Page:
A federal appeals court judge ruled on Tuesday that under the Federal Records Act (FRA), Secretary of State John Kerry was required by law to ask Attorney General Loretta Lynch to “initiate enforcement proceedings” to help him and U.S. Archivist David Ferriero recover emails that his predecessor, Hillary Clinton, kept on her private accounts.
The ruling by Senior Circuit Judge Stephen Williams for the D.C. Court of Appeals for the District of Columbia pointed out that not only does the FRA “strictly limit the circumstances under which records can be removed from federal custody or destroyed,” the statute also gives agency heads “no discretion to determine which cases to pursue.”
The decision was the result of a lawsuit filed by Judicial Watch in May 2015 that sought to compel Kerry’s compliance with the FRA after he refused to ask Lynch to help him retrieve tens of thousands of emails sent by Clinton and her top aides while she was secretary of state that had not been turned over to the State Department.
“Secretary of State Clinton used private email accounts during her time at the State Department. As a result, some emails were not preserved in government recordkeeping systems,” according to Judge Williams’ December 27 ruling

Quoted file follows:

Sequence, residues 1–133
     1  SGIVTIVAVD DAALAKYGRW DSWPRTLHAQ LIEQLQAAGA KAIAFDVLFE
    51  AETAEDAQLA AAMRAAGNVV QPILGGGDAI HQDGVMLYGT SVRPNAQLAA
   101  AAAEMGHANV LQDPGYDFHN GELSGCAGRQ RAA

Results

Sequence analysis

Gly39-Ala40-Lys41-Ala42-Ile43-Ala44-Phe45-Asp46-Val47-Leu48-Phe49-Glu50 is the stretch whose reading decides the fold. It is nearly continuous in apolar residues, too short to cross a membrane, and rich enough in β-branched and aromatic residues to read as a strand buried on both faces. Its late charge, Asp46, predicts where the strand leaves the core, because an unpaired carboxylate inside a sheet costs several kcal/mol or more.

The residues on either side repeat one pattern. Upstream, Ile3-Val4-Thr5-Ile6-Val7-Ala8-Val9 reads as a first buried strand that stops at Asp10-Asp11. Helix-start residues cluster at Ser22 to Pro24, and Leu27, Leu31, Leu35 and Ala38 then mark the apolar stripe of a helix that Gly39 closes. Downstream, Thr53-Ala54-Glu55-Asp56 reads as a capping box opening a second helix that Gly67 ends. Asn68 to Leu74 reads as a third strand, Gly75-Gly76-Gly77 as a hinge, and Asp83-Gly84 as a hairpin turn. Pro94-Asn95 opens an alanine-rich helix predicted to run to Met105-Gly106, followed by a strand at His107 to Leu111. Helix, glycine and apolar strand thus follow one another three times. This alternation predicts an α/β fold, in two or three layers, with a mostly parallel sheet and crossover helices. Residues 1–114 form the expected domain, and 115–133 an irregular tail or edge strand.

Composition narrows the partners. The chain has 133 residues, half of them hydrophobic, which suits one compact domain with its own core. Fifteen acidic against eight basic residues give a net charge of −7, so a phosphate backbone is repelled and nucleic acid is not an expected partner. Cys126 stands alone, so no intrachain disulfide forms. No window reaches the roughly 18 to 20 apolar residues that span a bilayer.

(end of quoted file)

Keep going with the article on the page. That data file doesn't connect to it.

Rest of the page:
“Although the current Secretary (with the help of the National Archivist) has made efforts to recover those emails, neither the Secretary nor the Archivist has asked the Attorney General to initiate enforcement proceedings, as provided for in the (FRA),” the judge wrote.
The law states: “The head of each Federal agency shall notify the Archivist of any actual, impending, or threatened unlawful removal, defacing, alteration, corruption, deletion, erasure, or other destruction of records in the custody of the agency, and with the assistance of the Archivist shall initiate action through the Attorney General for the recovery of records the head of the Federal agency knows or has reason to believe have been unlawfully removed from that agency…”